While technical limitations mean that the pace of development is gradual, this does have its advantages. “It gives drivers the time to gradually grasp the benefits of the new technology,” Denner said. Today’s drivers already show openness to these innovations. A Bosch survey in six European countries showed that 59 percent of respondents considered automated driving to be a good thing. However, they wanted to be able to actively switch it off. In purely economic terms, the market for driver assistance technologies is already an attractive one with excellent growth prospects. “By 2016, Bosch will be generating one billion euros in sales with driver assistance systems,” Denner said.

The Bosch “Automated Driving” project team was formed in 2011, and has since been working in Stuttgart and Palo Alto on the future of driving. And at the start of 2013, Bosch was the first automotive supplier to bring its automated driving technologies to German freeways. “The early tests in real traffic conditions have significantly sped up the development process,” Denner said.

Automated driving requires broad systems expertise

In the coming years, Bosch engineers still have a broad range of tasks ahead of them, as automated driving has an impact on all vehicle systems. “Only automakers and suppliers with broad systems expertise will succeed,” Denner said. The Bosch CEO summarized the five main development priorities as follows:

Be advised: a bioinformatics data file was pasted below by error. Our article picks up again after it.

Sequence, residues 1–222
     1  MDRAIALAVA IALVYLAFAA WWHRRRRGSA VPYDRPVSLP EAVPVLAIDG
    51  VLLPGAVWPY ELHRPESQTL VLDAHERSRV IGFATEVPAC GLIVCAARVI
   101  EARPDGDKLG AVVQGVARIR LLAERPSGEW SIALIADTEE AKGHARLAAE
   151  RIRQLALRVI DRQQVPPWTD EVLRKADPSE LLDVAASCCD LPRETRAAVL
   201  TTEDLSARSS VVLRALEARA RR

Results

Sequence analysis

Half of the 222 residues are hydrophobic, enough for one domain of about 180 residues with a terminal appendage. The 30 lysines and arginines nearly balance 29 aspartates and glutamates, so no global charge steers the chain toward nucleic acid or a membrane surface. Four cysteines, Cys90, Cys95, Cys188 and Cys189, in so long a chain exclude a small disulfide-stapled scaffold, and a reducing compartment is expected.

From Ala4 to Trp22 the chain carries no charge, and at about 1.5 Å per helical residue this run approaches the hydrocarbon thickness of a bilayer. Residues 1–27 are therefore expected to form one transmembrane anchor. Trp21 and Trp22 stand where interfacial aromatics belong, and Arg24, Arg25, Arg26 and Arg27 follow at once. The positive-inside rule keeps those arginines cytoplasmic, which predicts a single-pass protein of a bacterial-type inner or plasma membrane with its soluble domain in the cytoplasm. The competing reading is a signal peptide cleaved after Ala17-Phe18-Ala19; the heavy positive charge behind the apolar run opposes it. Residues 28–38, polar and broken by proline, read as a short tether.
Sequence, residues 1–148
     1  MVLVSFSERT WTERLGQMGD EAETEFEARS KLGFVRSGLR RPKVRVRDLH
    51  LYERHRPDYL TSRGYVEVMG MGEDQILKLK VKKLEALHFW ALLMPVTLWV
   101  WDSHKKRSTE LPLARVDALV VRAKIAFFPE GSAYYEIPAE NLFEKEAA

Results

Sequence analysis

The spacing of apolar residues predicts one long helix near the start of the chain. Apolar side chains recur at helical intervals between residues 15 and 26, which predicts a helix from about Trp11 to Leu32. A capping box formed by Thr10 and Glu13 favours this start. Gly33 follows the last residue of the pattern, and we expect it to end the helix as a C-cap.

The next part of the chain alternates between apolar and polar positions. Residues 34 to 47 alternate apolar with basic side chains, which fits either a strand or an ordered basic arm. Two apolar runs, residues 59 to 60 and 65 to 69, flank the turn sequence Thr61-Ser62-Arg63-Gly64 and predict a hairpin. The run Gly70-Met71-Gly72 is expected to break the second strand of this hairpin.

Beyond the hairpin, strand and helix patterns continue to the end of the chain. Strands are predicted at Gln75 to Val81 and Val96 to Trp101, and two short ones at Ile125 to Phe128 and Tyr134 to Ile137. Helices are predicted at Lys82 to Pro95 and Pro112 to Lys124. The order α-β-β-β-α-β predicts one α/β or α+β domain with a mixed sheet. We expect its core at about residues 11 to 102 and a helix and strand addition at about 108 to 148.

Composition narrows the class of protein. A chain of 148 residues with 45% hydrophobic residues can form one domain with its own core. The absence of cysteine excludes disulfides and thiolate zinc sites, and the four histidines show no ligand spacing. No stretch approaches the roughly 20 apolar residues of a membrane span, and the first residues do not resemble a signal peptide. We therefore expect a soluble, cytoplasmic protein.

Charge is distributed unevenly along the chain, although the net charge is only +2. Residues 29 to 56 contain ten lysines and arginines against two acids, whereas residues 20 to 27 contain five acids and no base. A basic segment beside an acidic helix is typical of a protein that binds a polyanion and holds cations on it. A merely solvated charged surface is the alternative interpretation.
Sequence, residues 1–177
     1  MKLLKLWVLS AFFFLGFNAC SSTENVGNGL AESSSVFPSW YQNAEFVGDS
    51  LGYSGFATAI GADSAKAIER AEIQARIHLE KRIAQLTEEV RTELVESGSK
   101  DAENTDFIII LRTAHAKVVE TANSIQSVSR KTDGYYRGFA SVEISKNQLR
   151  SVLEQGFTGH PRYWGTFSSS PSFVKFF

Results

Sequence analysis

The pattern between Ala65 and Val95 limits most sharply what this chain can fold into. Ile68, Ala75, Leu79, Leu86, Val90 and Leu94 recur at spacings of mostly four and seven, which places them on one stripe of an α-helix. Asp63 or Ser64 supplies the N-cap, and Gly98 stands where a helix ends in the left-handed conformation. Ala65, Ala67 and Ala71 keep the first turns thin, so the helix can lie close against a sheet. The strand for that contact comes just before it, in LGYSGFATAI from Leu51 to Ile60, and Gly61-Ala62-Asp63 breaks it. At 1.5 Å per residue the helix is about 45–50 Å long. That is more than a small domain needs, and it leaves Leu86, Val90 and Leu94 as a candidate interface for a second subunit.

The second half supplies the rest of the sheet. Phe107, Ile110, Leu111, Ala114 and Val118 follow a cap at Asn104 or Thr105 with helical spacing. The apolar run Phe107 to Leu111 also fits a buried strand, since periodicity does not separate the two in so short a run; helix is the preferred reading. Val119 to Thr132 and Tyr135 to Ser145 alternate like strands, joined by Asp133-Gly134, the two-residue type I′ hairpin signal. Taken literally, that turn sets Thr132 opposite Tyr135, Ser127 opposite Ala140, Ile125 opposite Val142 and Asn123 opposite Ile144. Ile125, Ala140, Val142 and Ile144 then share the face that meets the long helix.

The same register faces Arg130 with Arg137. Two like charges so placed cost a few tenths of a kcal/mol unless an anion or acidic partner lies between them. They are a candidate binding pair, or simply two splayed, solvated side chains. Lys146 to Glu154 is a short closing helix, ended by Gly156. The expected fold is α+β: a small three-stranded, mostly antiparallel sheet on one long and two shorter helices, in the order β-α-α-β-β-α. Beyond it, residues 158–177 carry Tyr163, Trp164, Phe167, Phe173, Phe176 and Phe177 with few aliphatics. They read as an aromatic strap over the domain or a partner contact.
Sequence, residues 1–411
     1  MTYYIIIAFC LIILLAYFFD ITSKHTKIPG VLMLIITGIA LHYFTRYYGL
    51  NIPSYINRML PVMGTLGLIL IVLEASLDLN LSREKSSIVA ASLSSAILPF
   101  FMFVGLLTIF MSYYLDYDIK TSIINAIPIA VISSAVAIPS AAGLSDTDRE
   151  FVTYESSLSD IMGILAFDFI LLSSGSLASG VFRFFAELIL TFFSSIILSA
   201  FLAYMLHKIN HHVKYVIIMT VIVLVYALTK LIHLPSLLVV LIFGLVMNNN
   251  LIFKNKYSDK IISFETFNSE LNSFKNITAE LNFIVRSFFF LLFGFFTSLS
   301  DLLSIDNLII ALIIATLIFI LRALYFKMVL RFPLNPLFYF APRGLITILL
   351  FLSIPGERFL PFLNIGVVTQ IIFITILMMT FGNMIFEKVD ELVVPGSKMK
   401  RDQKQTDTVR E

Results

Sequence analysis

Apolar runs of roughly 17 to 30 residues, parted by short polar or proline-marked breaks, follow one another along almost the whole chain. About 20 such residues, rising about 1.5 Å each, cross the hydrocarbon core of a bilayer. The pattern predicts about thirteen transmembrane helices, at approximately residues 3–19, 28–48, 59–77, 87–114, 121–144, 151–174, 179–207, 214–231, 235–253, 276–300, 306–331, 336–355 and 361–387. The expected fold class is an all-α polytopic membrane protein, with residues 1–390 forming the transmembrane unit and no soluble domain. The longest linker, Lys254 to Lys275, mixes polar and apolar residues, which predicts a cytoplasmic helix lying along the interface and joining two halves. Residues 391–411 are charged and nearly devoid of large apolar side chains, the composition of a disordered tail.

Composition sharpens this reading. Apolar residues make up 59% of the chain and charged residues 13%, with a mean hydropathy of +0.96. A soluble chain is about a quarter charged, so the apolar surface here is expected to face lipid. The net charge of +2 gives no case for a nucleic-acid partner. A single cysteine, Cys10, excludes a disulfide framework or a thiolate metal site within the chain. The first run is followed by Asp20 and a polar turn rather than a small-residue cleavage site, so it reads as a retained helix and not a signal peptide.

Sensor concepts for 360° environment recognition:

What types of sensor technologies are needed to capture the vehicle’s surroundings well enough to recommend the right actions? Bosch has already sold more than a million radar and video sensors. The company is drawing on this experience to develop high-performance yet economical environment recognition technology that will satisfy the demands of automated driving.

Redundant system architecture:

To maintain maximum availability in the event that one component fails, there will be a change in vehicle architecture. Bosch has already come up with the required redundancy for brakes, for instance. The iBooster electromechanical brake booster and the ESP system can bring the vehicle to a stop autonomously, independently of one another.

Reliability in the event of malfunction and hacking: